Very simple, aircraft that have engines on the wings will have a heavier wing. But that does not mean that it will survive hitting poles or walls.

[edit on 18-5-2008 by ULTIMA1]


I just provided two pictures that clearly shows it can and did.



Originally posted by weedwhacker

Again, I'm going to guess that the kinetic energies involved would leave only tiny pieces....well, saw somw photos of recognizable shreds, even with the AAL livery painted on them.

That's why I think that a hollow aluminum light pole that is designed to 'break-away' at its base would be like a toothpick to a B757 wing at 500MPH


Exactly! They designed to break away when larger vehicles hit them. Significantly decreases the amount of damage to the vehicle and thus the occupants inside.

[edit on 18-5-2008 by HLR53K]



posted on May, 19 2008 @ 01:38 AM
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Originally posted by weedwhacker
That's why I think that a hollow aluminum light pole that is designed to 'break-away' at its base would be like a toothpick to a B757 wing at 500MPH



Originally posted by HLR53K
I just provided two pictures that clearly shows it can and did.


As shown at least 1 plane has been brought down by hitting light poles, and can probably find more.






[edit on 19-5-2008 by ULTIMA1]



posted on May, 19 2008 @ 03:42 AM
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WW, please read - www.abovetopsecret.com... . Last post on that thread.
Comment on that thread please.



Very simple, aircraft that have engines on the wings will have a heavier wing. But that does not mean that it will survive hitting poles or walls.

Engines on the wing actually makes the wings lighter as the engines counter act the bending forces created by the wing.
That's one of the reasons most aircraft use wing - mounted engines now.



As shown at least 1 plane has been brought down by hitting light poles, and can probably find more.

Yet one airliner, only slightly smaller than a 757, survives when hitting light poles when in flight. Hm?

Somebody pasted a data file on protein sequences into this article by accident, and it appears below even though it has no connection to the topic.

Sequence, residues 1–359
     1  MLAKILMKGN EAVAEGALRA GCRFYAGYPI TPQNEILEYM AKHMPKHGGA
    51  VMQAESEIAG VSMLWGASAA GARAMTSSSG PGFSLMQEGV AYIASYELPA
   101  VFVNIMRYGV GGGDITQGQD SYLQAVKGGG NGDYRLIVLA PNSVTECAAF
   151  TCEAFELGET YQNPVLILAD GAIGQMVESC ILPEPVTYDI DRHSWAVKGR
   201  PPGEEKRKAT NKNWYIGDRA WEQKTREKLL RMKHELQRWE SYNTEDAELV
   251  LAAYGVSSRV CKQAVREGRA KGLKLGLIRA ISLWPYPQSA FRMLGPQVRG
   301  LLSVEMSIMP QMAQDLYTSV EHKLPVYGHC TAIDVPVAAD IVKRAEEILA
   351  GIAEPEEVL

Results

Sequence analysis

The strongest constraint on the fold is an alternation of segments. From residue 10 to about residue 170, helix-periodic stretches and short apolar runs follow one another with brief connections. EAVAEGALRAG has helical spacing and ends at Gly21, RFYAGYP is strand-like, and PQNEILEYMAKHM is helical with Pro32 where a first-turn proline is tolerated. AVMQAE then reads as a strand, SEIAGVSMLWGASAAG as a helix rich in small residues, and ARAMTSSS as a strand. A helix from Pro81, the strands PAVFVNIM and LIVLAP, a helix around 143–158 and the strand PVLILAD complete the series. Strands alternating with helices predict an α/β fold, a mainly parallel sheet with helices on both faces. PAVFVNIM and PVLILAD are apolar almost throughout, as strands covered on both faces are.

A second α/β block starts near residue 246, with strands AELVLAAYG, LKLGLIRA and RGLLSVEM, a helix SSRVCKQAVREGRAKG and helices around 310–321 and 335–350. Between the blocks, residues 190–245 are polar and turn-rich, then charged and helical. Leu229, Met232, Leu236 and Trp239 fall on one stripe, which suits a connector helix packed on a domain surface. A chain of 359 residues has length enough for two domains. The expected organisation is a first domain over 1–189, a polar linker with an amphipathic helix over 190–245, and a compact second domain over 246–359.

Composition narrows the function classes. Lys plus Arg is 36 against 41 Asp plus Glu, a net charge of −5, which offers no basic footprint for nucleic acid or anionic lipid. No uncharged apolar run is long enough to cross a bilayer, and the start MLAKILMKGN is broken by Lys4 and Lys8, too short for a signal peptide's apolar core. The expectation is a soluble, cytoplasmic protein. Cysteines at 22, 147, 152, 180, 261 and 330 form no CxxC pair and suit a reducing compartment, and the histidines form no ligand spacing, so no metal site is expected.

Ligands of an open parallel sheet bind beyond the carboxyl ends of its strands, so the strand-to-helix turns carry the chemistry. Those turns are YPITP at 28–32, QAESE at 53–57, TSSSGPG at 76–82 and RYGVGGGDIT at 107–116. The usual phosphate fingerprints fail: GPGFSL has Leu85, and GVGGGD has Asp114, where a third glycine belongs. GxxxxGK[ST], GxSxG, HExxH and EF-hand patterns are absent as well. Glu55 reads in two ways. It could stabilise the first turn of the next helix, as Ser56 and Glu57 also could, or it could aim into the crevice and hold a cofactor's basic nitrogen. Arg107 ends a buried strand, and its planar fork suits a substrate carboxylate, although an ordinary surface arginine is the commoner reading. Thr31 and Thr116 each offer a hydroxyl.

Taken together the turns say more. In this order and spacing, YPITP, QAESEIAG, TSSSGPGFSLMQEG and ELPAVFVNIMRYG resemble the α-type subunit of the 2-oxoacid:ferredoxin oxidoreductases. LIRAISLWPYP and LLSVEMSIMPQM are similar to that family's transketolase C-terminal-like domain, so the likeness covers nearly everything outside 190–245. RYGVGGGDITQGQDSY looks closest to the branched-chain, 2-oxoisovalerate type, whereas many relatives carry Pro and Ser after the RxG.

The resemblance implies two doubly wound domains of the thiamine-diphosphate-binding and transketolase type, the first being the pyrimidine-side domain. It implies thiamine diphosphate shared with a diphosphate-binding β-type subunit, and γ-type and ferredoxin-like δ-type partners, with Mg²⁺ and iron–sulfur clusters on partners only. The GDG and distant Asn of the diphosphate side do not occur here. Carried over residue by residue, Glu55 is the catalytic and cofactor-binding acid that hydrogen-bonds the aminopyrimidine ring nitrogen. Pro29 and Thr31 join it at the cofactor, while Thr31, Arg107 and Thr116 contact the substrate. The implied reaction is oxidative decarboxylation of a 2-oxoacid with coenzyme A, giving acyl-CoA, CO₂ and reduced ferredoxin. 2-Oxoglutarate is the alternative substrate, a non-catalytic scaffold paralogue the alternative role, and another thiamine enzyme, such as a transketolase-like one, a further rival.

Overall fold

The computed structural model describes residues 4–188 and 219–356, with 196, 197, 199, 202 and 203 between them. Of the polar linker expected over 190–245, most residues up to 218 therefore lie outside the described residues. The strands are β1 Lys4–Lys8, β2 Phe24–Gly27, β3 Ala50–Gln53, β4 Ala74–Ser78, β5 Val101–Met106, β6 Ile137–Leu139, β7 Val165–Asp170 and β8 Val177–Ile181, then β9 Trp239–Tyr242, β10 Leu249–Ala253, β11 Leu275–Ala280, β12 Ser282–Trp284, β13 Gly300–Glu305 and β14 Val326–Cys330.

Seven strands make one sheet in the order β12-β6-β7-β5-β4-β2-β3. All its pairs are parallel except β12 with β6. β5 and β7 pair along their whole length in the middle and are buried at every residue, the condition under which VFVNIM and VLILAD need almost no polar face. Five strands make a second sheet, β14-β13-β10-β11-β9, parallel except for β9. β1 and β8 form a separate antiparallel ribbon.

[edit on 19/5/2008 by C0bzz]



posted on May, 19 2008 @ 09:04 AM
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reply to post by ULTIMA1
 


ULTIMA, which airplane are you claiming was 'brought down' by hitting a light pole? You said you've shown 'at least 1'....which was it again?



posted on May, 19 2008 @ 01:50 PM
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Originally posted by weedwhacker
ULTIMA, which airplane are you claiming was 'brought down' by hitting a light pole? You said you've shown 'at least 1'....which was it again?


It was Flight 255 that was broght donw by hitting a light pole, then it hit other poles and the roof of a building.



posted on May, 19 2008 @ 02:20 PM
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Ultima....No where in the NTSB report does it say that flight 255 crashed because the wing was seared off from hitting a light pole. Here is what it says regarding damage to the left wing after striking the pole.


The first officer of the Northwest airplane parked on taxiway “A” testified that flight 255 was intact until the left wing struck the light pole in the auto rental car lot. After the wing struck the pole, he saw what appeared to be “a four- to five-foot chunk of the wing section . .‘I fall from the airplane. He did not see any fire on the airplane until after it struck the light pole and then he saw “an orange flame. . . .I’ emanating from the left wing tip section.


Sure wing sustained damage but it was not severed as you said and also was not the cause of the crash as you also stated.